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Area schools boosting efforts to address mental healthcare

Posted at 11:40 AM, May 09, 2019
and last updated 2019-05-10 08:51:43-04

As an ongoing mental health practitioner shortage continues, area schools are stepping in to help make mental healthcare more accessible for students and their families.

Local therapists say students in school now are struggling with anxiety and depression like never before.

“These issues are impacting kids lives and the research is getting more evident,” said Candace Wendelick, a psychotherapist with Clinical Psychology Associates.

“It may be over three years before they get treated, if they get treated at all,” said Kathy Young, Director of Student Services for the Menomonee Falls School District.

“As a school administrator, a mother, a grandmother when you hear that so many children go without treatment, how does that make you feel?” asked Elise Preston with TODAY'S TMJ4.

“It makes me feel worried and disheartened,” replied Young.

Those worries turned to action for the district. At the start of the school year, Menomonee Falls partnered with Clinical Psychology Associates.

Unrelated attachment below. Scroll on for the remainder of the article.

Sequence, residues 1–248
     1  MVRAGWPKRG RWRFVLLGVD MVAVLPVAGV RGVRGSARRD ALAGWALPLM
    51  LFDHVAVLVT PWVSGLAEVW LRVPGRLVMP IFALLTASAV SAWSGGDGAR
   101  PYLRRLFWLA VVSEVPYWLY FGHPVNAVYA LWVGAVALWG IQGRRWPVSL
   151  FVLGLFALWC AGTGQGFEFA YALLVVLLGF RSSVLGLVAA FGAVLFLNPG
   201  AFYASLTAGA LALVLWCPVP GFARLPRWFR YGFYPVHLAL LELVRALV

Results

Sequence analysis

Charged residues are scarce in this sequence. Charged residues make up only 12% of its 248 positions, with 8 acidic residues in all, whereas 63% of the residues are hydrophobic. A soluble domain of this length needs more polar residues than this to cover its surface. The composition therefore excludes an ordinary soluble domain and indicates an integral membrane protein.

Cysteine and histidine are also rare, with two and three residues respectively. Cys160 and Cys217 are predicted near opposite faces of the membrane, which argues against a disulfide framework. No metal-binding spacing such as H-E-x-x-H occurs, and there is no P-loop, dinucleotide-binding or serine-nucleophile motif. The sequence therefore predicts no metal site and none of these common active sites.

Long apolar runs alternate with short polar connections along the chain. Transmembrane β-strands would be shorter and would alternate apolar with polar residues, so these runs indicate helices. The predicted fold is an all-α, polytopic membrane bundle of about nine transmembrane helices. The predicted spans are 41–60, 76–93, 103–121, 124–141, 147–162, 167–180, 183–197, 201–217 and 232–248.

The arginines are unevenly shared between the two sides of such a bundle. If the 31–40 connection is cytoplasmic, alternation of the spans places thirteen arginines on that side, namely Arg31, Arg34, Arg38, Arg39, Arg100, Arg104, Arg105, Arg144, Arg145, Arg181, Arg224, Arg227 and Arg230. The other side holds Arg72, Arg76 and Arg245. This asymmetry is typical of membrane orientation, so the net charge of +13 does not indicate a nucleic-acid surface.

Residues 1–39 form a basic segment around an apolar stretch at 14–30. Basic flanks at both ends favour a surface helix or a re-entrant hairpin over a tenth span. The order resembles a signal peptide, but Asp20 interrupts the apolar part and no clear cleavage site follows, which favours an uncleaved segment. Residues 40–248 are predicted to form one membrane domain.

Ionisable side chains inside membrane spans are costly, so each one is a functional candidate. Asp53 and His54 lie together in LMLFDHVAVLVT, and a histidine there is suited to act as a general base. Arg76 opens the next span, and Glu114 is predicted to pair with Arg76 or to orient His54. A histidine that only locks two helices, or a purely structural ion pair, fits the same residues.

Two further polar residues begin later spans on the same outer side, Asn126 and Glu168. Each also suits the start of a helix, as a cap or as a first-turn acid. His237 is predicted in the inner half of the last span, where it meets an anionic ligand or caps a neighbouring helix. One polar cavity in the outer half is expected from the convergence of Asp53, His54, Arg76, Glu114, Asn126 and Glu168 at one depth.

“We provide space for a clinic that is typically off-site,” said Young.

The clinic is staffed by licensed psychotherapists like Candace Wendelick. She can counsel students with issues that are too much for school counselors to handle on a daily basis.

Families are getting this help, without having to leave campus.

“They are able to access these services in a much easier way. We say ‘what's a good time in your school day where you can come in and we do a therapy session?” said Wendelick.

Wendelick believes that access is changing lives.

“There's kids I’ve been able to see here who I’ve thought, I don't think they would have ever made it to our office,” said Wendelick.

“We are really looking at the whole child. The academics are what we are here for, but we have to address the needs of that whole child in order for them to learn,” said Young.

The district says the efforts were so successful for high school students; it expanded the services in February for middle school students.